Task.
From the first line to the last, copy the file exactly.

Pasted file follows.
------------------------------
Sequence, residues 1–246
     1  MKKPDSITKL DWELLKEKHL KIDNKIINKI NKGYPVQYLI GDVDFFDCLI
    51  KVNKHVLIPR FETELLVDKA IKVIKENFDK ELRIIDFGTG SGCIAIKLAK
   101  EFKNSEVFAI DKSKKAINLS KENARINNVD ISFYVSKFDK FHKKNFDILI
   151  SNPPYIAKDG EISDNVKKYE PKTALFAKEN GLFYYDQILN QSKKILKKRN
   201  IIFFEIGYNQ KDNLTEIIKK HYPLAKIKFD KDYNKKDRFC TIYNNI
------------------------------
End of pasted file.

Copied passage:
Sequence, residues 1–246
     1  MKKPDSITKL DWELLKEKHL KIDNKIINKI NKGYPVQYLI GDVDFFDCLI
    51  KVNKHVLIPR FETELLVDKA IKVIKENFDK ELRIIDFGTG SGCIAIKLAK
   101  EFKNSEVFAI DKSKKAINLS KENARINNVD ISFYVSKFDK FHKKNFDILI
   151  SNPPYIAKDG EISDNVKKYE PKTALFAKEN GLFYYDQILN QSKKILKKRN
   201  IIFFEIGYNQ KDNLTEIIKK HYPLAKIKFD KDYNKKDRFC TIYNNI